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thing. The opportunity must not be lost of helping so many persons now helpless, and of aiding the cause of Reconciliation, without which peace cannot be assured."


Here again Reconciliation is announced as an everpresent object.

In the same spirit, I deemed it my duty to oppose the efforts made in the winter of 1865 to authorize Retaliation, differing from valued friends. The proposition for Retaliation was met by the following declaration, moved by me, January 24th:

"The United States. ... call upon all to bear witness that in this necessary warfare with Barbarism they renounce all vengeance and every evil example, and plant themselves firmly on the sacred landmarks of Christian civilization, under the protection of that God who is present with every prisoner, and enables heroic souls to suffer for their country."

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Then came the effort, favored by President Lincoln, to receive Louisiana with a Constitution which failed to recognize the equal rights of colored fellow-citizens. Here again, February 25th, I encountered the proposition by a resolution, where it is declared:

"That such an oligarchical government is not competent at this moment to discharge the duties and execute the powers of a State; and that its recognition as a legitimate government will tend to enfeeble the Union, to postpone the day of Reconciliation, and to endanger the national tranquillity." s

Ante, Vol. VIII. p. 494. Congressional Globe, 38th Cong. 1st Sess.,

p. 2800.

2 Ante, Vol. IX. p. 208. Congressional Globe, 38th Cong. 2d Sess., p. 381.

8 Ibid., p. 331. Congressional Globe, ut supra, p. 1091.

Mark, if you please, "the day of Reconciliation."

Then came the question of perpetuating the memory of our victories. February 27th, the Senate having under consideration an appropriation for a picture in the National Capitol, I moved as an amendment,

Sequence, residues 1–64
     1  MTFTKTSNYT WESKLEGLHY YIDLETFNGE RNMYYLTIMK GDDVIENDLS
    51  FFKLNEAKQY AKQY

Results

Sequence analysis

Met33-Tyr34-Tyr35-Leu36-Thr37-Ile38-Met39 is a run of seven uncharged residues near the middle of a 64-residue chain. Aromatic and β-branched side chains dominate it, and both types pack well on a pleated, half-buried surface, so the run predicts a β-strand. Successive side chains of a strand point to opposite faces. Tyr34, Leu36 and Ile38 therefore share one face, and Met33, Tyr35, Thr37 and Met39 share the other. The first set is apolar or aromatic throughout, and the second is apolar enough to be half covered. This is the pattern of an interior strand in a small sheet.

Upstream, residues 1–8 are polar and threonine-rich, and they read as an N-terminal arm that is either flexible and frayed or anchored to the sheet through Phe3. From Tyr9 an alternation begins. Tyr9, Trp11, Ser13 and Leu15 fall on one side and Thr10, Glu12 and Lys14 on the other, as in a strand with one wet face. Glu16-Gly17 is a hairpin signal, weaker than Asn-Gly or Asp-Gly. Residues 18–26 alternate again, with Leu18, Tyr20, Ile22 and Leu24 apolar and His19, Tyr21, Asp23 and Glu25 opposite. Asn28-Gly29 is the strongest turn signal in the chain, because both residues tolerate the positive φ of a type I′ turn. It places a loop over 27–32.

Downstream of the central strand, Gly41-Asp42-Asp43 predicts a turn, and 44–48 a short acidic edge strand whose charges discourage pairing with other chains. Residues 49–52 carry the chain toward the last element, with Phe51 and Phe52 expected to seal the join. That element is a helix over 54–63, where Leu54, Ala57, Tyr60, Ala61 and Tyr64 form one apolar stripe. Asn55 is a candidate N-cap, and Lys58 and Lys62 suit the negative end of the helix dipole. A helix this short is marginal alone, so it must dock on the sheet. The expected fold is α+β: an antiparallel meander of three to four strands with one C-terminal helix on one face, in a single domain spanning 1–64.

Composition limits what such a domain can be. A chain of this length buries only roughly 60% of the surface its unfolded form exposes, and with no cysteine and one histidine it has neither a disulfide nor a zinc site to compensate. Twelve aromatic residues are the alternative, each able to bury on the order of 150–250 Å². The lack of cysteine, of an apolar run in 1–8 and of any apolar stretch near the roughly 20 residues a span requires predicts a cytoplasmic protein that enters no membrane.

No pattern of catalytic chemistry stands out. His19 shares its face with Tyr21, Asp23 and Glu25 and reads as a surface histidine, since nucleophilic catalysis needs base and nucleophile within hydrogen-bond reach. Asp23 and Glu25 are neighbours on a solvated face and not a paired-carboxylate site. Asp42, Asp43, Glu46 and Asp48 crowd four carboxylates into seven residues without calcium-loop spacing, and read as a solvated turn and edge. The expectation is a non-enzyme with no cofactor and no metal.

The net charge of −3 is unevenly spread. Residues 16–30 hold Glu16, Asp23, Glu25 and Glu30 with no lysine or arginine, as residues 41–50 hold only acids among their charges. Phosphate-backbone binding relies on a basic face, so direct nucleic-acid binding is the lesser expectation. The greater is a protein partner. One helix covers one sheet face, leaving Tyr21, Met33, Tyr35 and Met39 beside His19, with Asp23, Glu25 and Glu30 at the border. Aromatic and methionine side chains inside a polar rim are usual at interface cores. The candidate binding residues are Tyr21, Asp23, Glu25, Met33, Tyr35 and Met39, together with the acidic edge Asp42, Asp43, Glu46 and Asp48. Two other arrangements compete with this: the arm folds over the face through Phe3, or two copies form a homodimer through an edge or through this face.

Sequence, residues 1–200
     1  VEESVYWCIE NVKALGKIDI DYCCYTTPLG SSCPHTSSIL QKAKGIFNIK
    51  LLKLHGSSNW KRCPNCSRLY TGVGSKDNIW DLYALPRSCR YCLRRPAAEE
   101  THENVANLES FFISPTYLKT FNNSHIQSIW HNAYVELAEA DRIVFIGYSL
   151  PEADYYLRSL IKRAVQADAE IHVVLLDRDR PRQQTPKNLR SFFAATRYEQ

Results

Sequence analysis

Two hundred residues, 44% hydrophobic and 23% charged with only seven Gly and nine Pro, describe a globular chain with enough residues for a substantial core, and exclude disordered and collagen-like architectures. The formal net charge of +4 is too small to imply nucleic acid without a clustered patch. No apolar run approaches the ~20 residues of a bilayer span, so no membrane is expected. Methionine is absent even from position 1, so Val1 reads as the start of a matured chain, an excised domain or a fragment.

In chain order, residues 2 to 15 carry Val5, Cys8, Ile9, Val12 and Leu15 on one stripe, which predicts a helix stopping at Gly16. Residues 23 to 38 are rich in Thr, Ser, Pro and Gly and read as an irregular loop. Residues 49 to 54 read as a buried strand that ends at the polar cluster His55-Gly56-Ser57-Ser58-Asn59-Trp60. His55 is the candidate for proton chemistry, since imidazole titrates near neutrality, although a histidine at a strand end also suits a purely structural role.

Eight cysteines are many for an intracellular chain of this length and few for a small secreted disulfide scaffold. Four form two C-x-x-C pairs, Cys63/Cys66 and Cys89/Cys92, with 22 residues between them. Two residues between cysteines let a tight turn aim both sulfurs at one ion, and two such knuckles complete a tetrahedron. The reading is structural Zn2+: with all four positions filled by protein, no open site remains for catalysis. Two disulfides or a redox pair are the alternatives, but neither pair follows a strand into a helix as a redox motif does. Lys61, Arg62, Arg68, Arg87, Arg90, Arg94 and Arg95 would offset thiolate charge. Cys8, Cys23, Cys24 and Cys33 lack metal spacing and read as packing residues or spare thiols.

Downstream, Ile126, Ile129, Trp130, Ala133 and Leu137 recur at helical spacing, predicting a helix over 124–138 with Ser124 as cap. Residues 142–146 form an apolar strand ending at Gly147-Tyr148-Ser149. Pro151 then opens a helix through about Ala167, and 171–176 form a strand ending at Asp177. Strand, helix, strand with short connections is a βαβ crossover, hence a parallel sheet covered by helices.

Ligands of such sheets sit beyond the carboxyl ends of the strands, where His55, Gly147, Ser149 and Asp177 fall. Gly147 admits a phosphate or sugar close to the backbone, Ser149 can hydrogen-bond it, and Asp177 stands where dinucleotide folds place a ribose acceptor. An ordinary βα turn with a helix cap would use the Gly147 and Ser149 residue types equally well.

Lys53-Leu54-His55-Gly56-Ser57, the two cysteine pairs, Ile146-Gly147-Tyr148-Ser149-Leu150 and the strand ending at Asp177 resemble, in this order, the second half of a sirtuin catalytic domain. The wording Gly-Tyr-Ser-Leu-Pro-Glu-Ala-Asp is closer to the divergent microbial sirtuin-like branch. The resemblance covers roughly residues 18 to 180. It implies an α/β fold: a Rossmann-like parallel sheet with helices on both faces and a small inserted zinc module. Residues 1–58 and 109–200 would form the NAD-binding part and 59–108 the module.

"That in the National Capitol, dedicated to the National Union, there shall be no picture of a victory in battle with our own fellow-citizens.":

Mr. Wilson again made haste to announce that he "disagreed with his colleague altogether," saying, according to the "Congressional Globe," 2 "I do not believe in that doctrine."

In the eulogy on President Lincoln, pronounced before the municipal authorities of Boston, June 1, 1865, the great object of Reconciliation was presented as dependent on the establishment of our ideas. After insisting upon Emancipation and the Equal Suffrage, these words occur:

"Such a vengeance will be a kiss of reconciliation, for it will remove every obstacle to peace and harmony. The people where Slavery once ruled will bless the blow that destroyed it. The people where the kindred tyranny of Caste once prevailed will rejoice that this fell under the same blow. They will yet confess that it was dealt in no harshness, in no unkindness, in no desire to humiliate, but simply and solemnly, in the name of the Republic and of Human Nature, for their good as well as ours, ay, for their good more than ours.

"By ideas, more than by armies, we have conquered. The sword of the Archangel was less mighty than the mission he bore from the Lord. But if the ideas giving us the victory are now neglected, if the pledges of the Declaration, which

1 Ante, Vol. IX. p. 335. Congressional Globe, ut supra, p. 1126.
2 Ibid.

the Rebellion openly assailed, are left unredeemed, then have blood and treasure been lavished for nought."

Then I proceeded to ask:

"How shall these ideas be saved?

How shall the war

waged by Abraham Lincoln be brought to an end, so as to assure peace, tranquillity, and reconciliation ?" 1

In the speech at Worcester, before the Republican State Convention, September 14, 1865, I insisted upon guaranties for the national freedman and the national creditor; and until these were accomplished, proposed to exclude the Rebel from political power:

"I ask not his punishment. I would not be harsh. There is nothing humane that I would reject. Nothing in hate. Nothing in vengeance. Nothing in passion. Nothing in passion. I am for gentleness. I am for a velvet glove; but for a while I wish the hand of iron. I confess that I have little sympathy with those hypocrites of magnanimity whose appeal for the Rebel master is only a barbarous indifference towards the slave; and yet they cannot more than I desire the day of Reconciliation.” 2